The titular river unites a farmer recently released from prison, his young son, and an ambitious saloon singer. In order to survive, each must be purged of anger, and each must learn to understand and care for the others.
When billionaire Jean-Marc Clement learns that he is to be satirized in an off-Broadway revue, he passes himself off as an actor playing him in order to get closer to the beautiful star of the show, Amanda Dell.
Showgirls Lorelei Lee and Dorothy Shaw travel to Paris, pursued by a private detective hired by the suspicious father of Lorelei's fiancé, as well as a rich, enamored old man and many other doting admirers.
Roslyn Taber, the type of woman who turns heads easily, recently came to Reno to get a quickie divorce, she having no idea what to do with her life after that. She cannot tolerate seeing animal suffering, let alone human suffering. Coinciding with getting the divorce, Roslyn meets friends Gay Langland and Guido, a divorced aging grizzled cowboy and a widowed mechanic respectively. Although Guido makes no bones about wanting to get to know Roslyn in the biblical sense and although he "saw her first", Roslyn begins a relationship with Gay, despite Roslyn's friend Izzy Steers, who originally came to Reno years ago to get her own divorce and never left, warning her about cowboys as being unreliable, and despite Roslyn initially not being interested in Gay "in that way". Gay has grown children who he rarely sees and wishes he was there for more than was the case. Gay and Roslyn move into the under construction farmhouse owned by Guido, which he was building for his wife before she died. ...Written by
When Clark Gable learned that the film's publicist was ready to quit because Marilyn Monroe kept skipping or showing up late for on-set interviews, he offered to meet with the press while the publicist got her to the interviews. He not only kept the press happy, but his presence made it easier for Monroe to face the reporters. See more »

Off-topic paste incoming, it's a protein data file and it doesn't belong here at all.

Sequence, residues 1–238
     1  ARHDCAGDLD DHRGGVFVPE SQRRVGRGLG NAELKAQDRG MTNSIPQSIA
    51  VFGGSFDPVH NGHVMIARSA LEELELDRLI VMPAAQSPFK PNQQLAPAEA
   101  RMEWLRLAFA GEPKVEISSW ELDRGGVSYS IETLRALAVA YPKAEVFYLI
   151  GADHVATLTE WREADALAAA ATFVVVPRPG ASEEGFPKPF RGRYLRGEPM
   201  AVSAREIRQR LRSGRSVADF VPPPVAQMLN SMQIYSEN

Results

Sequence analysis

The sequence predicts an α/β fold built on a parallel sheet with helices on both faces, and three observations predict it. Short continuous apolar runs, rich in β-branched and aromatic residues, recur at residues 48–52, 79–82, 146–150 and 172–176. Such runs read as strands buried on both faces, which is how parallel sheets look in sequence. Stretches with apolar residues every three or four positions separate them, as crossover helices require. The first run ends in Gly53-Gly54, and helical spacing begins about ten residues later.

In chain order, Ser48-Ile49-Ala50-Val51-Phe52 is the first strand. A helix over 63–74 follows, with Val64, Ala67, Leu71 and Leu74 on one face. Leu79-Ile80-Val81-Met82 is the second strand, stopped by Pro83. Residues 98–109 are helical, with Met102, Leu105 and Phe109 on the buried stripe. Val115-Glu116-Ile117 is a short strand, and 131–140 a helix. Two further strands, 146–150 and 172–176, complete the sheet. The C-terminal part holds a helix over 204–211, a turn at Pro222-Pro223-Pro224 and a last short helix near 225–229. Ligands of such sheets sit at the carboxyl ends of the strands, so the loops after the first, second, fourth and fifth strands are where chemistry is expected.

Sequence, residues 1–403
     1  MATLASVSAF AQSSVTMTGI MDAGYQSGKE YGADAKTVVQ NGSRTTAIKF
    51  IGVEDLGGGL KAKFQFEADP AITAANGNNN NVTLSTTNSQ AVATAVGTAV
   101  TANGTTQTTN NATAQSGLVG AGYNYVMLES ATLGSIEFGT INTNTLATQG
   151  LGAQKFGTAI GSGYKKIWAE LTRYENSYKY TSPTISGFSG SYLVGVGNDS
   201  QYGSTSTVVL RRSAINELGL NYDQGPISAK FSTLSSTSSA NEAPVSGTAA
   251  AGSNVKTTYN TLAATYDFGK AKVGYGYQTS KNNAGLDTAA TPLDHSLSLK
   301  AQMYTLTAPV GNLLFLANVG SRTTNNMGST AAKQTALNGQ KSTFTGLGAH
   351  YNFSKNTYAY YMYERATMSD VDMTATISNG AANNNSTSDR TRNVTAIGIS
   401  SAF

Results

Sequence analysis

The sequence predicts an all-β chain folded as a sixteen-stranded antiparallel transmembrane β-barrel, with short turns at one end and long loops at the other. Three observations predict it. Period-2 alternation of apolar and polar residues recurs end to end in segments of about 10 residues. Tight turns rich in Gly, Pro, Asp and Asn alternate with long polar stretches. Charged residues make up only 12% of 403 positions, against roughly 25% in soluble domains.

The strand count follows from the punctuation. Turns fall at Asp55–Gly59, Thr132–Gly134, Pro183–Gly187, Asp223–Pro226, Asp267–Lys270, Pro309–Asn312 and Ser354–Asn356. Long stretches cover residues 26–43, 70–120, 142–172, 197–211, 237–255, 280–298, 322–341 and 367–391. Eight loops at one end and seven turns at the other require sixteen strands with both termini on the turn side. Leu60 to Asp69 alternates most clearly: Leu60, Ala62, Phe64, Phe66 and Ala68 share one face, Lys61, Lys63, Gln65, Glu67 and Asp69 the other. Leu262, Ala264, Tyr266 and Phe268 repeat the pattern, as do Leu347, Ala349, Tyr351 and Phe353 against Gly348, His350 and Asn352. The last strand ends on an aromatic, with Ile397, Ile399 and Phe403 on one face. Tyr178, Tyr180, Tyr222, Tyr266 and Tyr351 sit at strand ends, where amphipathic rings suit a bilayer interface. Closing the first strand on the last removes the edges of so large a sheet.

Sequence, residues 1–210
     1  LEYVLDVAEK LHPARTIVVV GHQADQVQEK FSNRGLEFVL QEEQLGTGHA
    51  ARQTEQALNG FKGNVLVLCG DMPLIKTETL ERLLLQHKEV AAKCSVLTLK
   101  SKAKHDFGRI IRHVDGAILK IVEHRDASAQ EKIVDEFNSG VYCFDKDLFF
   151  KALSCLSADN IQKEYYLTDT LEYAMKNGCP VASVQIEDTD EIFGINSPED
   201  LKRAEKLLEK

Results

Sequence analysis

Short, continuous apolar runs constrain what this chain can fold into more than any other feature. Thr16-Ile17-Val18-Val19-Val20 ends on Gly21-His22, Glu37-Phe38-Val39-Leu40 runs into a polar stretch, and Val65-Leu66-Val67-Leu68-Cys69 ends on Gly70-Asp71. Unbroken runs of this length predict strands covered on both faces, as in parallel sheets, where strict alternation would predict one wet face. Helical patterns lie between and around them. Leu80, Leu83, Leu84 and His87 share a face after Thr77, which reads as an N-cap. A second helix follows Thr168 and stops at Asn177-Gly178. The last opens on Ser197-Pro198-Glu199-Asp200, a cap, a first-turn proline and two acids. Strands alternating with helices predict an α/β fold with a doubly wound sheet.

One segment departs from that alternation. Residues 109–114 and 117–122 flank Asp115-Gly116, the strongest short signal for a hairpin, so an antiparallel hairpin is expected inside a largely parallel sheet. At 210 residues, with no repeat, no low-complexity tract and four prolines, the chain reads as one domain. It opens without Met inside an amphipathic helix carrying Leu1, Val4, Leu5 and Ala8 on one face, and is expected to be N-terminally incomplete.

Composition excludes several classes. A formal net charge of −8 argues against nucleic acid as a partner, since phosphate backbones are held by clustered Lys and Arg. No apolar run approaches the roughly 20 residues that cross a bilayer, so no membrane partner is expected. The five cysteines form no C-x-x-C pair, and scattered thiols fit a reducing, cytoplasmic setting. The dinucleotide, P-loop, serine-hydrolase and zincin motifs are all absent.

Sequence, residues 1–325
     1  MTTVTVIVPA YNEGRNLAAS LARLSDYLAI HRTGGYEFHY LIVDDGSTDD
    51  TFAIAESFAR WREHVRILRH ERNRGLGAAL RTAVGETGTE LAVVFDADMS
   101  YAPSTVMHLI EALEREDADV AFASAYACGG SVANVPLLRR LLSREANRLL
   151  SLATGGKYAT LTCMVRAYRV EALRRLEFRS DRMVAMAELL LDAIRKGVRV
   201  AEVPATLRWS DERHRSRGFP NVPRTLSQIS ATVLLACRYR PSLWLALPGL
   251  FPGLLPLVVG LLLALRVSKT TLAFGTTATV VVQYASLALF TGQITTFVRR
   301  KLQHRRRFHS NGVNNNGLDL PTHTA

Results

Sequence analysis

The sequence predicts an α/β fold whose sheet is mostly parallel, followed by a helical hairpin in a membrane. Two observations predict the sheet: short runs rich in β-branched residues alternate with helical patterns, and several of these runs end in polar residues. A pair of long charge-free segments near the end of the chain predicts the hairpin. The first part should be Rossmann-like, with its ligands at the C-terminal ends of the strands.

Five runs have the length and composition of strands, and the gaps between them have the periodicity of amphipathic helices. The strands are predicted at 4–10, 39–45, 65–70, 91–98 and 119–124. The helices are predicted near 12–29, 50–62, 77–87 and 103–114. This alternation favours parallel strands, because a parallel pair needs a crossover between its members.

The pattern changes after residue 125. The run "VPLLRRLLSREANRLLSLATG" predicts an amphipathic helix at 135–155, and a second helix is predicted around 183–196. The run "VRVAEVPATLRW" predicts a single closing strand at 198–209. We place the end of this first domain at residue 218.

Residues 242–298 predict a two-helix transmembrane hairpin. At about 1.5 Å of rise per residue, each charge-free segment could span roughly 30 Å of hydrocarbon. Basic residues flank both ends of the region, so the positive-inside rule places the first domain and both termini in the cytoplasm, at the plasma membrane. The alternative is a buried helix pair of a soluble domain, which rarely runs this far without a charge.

When Gable, Monroe, and Cliff are standing in the back of the truck watching the horses with the binoculars, the clouds behind them change with almost every scene....from none, to one, to many. All taking place in screen time
of about 30 seconds. See more »
Young man, do you have the time? I got six clocks in the house and none of them work.
Twenty after nine.
After? It's twenty after, dear. Dahlin'. Five minutes.
What about you?
I'm all set, I just tyin' my sling. The lawyer said nine thirty sharp, dahlin'.
See more »
There are no closing credits of any kind. Not even the words "THE END" appear on the screen. See more »
I've always wanted to see this movie because of the legendary actors associated with it and yesterday I finally rented it. I can't say it is an entertaining movie, but it is certainly profound and stays with you.
Clark Gable, Marilyn Monroe and Montgomery Clift were all wonderful. There is something extra poignant about the casting of these three actors. It is like "misfits" playing misfits. Knowing that it is Clark Gable's and Marilyn Monroe's last film added to the aura of finality at the end. Marilyn Monroe definitely does not get the credit she deserves as the fine actress she was. Even her character is trying to get beyond the external first impression she makes on men.
It is the first film I've seen of Montgomery Clift's. What a fine actor! He brought enormous depth to his character--much of which was portrayed without speaking.
Once again, if you're looking for an entertaining film, you may be disappointed. If you're looking for an interesting blend of characters who, in many ways, are mirrors of the actors playing them, then rent the Misfits. It is packed with stars but not with glitzy star quality, just no-holds-barred, uninhibited acting.
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